RI just made community college free. Here’s what you need to know

WARWICK, R.I. (WPRI) – Lynn Stephen’s daughter, Savannah, just graduated from Cumberland High School and plans to attend the Community College of Rhode Island in the fall.

And because of the new Rhode Island Promise scholarship program signed into law last week, Savannah’s tuition will be free.

“It’s like hitting the lottery, really,” Lynn Stephen said. “My husband is handicapped, he’s disabled, and I work full time, and I have another daughter who’s going into 11th grade, so for our family financially, it’s amazing.”

The new state budget signed Thursday by Gov. Gina Raimondo includes a pared-down version of the free college plan she’s been promoting all year. Raimondo originally proposed two years of free tuition at CCRI, Rhode Island College and the University of Rhode Island, but lawmakers opted to limit the benefit to CCRI.

Now CCRI is preparing for a bigger-than-usual freshman class.

“We’ll see probably around a 20% boost,” explained Sara Enright, CCRI’s vice president of student affairs. “Last year we had just under 1,000 students who were straight out of Rhode Island high schools coming here in the fall, and I think we’ll see something closer to 1,200 this year.”

Enright said interest in the Rhode Island Promise scholarship is growing.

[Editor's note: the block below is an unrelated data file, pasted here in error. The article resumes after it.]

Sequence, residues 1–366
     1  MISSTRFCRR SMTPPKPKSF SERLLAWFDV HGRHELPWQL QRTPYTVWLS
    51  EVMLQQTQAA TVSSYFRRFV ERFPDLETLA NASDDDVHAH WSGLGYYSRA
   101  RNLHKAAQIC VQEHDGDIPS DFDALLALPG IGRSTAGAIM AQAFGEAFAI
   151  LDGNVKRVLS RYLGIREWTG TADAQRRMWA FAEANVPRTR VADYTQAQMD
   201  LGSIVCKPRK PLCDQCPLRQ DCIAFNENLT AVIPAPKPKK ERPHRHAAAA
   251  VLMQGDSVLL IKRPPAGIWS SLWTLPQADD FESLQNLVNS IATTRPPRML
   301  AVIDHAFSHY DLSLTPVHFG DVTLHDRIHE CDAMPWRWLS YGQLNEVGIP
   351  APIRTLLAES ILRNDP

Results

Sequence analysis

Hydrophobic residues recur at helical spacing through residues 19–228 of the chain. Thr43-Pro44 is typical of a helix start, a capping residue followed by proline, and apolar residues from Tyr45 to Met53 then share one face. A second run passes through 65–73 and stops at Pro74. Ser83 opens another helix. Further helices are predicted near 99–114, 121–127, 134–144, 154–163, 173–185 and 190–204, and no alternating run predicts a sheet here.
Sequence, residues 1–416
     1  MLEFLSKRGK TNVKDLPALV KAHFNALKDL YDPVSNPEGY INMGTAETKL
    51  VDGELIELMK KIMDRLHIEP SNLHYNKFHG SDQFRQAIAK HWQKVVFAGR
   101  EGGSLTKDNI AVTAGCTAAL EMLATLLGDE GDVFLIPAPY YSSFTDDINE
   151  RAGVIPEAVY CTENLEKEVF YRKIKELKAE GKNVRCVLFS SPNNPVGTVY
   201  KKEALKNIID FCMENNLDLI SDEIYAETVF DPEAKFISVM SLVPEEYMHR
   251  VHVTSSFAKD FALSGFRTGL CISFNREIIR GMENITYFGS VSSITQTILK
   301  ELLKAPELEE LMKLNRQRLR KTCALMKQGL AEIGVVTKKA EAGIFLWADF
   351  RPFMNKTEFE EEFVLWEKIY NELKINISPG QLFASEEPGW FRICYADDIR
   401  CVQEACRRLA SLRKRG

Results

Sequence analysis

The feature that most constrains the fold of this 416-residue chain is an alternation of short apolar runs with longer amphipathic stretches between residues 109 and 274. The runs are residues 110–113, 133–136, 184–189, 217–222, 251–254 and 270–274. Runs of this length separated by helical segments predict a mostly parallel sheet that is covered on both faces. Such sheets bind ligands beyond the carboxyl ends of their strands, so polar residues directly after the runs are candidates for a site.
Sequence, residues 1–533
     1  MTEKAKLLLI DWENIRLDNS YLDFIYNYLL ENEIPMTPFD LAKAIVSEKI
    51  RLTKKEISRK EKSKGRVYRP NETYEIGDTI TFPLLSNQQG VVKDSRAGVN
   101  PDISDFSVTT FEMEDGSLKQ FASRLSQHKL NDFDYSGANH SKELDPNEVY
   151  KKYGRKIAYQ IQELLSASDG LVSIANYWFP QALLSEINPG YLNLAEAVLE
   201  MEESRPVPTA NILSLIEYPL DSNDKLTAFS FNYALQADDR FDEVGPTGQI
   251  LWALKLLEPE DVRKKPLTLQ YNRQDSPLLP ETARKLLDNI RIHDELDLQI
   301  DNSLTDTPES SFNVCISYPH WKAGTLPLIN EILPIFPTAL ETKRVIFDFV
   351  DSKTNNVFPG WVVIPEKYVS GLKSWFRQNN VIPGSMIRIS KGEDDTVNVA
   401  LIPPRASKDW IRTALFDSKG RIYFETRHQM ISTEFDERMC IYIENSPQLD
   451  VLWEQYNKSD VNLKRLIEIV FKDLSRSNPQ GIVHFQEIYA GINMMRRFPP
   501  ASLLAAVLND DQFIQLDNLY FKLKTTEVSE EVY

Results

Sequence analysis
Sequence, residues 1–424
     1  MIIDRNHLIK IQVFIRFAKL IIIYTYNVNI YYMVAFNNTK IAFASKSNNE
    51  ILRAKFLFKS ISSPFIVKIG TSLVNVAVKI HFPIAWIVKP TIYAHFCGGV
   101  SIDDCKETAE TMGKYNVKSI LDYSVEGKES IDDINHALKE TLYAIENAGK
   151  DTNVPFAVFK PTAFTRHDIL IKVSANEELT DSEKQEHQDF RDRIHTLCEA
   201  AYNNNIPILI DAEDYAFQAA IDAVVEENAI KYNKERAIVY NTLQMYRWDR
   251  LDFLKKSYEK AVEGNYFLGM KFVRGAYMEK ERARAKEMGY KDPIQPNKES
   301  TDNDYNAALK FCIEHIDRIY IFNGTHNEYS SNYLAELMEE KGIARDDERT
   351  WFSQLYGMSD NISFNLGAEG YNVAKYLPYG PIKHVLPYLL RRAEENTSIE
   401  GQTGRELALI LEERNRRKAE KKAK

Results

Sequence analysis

“There are more than 70 students who have already filled out the one-page form that’s required to express your interest and commit to the Rhode Island Promise program,” she said. “That interest is building literally by the hour.”

Who qualifies? 

To qualify for free tuition at CCRI, you have to be a Rhode Island resident and a 2017 high school graduate or GED recipient who was younger than 19 years old when high school was completed.

“It’s not too late,” Enright said. She also warned that this will be those students’ only opportunity to sign up.

“For the class of 2017 graduates, now is the time,” she said. “If you don’t enroll in this program in the fall, it doesn’t exist for you in the spring.”

Rhode Island Promise is a two-year pilot program, so under current law it will only be available for Rhode Island students who finish high school this year and next year. Raimondo has said she hopes it will continue after that and potentially expanded to RIC and URI as she originally proposed.

How to apply

If you’re a prospective student, you can apply to CCRI online. You will also be required to complete the FAFSA, the federal application for financial aid, and take a placement test at CCRI. Placement tests are scheduled regularly. (No test is required to be accepted into CCRI, however.)

If you’d prefer to apply and register in person, CCRI is hosting enrollment events on Aug. 10 and Aug. 17 from 8:30 a.m. to 1 p.m at the Warwick campus. You should bring a photo ID, a copy of your high school transcript and your parents’ 2015 tax forms.

To keep the Rhode Island Promise scholarship, students are required to be enrolled at CCRI full-time and maintain a 2.5 GPA.